Conference Titles: 0
Division Titles: 1
Regular Season Record: 348-440
Regular Season Win Percentage: 44.1%
Playoff Appearances: 4
Playoff Series Wins: 3
Playoff Record: 16-21
For the first time in generations, the Celtics were veering into rudderless territory. The untimely deaths of Len Bias and Reggie Lewis derailed any smooth succession plan from the Bird-McHale-Parish core of the 1980s. With barely any worthwhile talent on their roster, Boston couldn’t swindle or fleece another team of their draft picks. Boston therefore decided the quickest road back to contention would come through deliberately losing as many games as possible. The prize, should they win the 1997 Draft Lottery, would be Tim Duncan.
With such a lucrative payoff, the Celtics were full-steam ahead for losing in 1996-97. They didn’t just secure the worst record in the NBA that season, Boston absolutely shattered the franchise record for losses and lowest win percentage. Their 67 losses easily eclipsed the previous record of 50 losses in 1978. The .183 win percentage was an abysmal depth below the previous record of .293 waaaay back in 1950.
The team’s leading scorer and rebounder was rookie forward Antoine Walker. The versatile shimmy machine would be one of the only two players to make a serious impact for Boston during this decade. The other, unfortunately, was not Tim Duncan. Despite the losing, Boston fell to the 3rd slot and watched the San Antonio Spurs dance off with Duncan.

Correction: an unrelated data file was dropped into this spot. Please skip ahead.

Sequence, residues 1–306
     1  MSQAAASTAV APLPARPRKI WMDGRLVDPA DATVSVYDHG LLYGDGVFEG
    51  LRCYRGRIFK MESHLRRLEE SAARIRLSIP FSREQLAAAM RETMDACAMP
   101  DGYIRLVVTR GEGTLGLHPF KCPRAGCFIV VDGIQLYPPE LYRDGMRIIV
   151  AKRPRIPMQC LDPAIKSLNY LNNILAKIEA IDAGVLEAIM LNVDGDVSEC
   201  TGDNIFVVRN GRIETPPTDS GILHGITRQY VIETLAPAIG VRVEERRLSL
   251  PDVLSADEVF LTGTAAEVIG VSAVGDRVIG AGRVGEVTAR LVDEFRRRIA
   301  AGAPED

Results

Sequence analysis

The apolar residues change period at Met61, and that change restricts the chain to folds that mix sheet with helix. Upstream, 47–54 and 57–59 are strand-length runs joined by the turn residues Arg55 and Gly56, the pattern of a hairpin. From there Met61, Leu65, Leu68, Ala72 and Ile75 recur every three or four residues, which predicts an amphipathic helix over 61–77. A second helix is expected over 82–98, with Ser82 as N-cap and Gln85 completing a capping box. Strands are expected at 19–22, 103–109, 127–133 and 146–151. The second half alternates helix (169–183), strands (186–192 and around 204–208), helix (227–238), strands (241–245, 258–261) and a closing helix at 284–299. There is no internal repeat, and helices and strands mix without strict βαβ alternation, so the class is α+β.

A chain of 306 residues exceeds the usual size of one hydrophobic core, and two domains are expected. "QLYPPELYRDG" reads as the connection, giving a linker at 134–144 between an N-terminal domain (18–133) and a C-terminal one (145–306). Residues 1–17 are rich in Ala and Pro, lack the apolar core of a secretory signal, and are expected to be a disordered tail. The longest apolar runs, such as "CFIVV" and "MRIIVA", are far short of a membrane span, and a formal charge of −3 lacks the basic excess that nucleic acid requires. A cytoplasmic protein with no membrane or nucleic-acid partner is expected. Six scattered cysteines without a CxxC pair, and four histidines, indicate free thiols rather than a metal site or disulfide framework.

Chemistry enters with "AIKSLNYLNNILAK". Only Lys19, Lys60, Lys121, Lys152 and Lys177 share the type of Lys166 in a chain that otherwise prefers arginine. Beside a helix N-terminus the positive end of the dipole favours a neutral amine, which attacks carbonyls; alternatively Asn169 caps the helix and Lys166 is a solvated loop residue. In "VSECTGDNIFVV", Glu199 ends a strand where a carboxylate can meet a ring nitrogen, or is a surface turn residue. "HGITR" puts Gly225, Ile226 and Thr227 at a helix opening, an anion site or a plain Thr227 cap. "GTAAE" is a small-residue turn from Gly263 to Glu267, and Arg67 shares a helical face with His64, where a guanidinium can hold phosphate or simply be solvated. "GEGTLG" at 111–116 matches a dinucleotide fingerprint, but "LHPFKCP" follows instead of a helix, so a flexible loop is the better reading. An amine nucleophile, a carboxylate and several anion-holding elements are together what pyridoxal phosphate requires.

Dejected, Boston selected Chauncey Billups with their pick. The point guard would go on to a superb career, but Boston gave up on him 51 games into the 1997-98 season. Billups was traded, in essence, for veteran Kenny Anderson. That was a curious trade then and now for a team that was clearly years away from any legitimate contention. But for some reason, coach and personnel head Rick Pitino couldn’t discern the true, sorry state of the franchise.
In any event, Boston did finish with 36 wins in the 1997-98 season as Walker became an All-Star. Despite not tanking that season, Boston nonetheless found their second impact player in the 1998 Draft. Paul Pierce fell into their lap at the 10th pic. Suddenly, Boston had some hope for the future.
But over the next two seasons, Boston continued to mire in mediocrity under Pitino. Finally, in an act of mercy, Pitino stepped down as coach a third of the way through the 2000-01 season. Jim O’Brien took over as coach and guided Boston to a 24-24 record during his truncated tenure that season.
By this time, Pierce and Walker formed a formidably potent one-two duo. Together they averaged 50 points, 15.5 rebounds, and 8.5 assists a game. However, the rest of the roster was atrocious. A lot of players who were decent at their very best.
Yet, somehow, the combined power of Pierce and Walker catapulted Boston to 49 wins in the 2001-02 season. It was their best regular season campaign in a decade. In the playoffs, the achieved success not seen since 1988 by reaching the Eastern Conference Finals. Their opponent was the New Jersey Nets.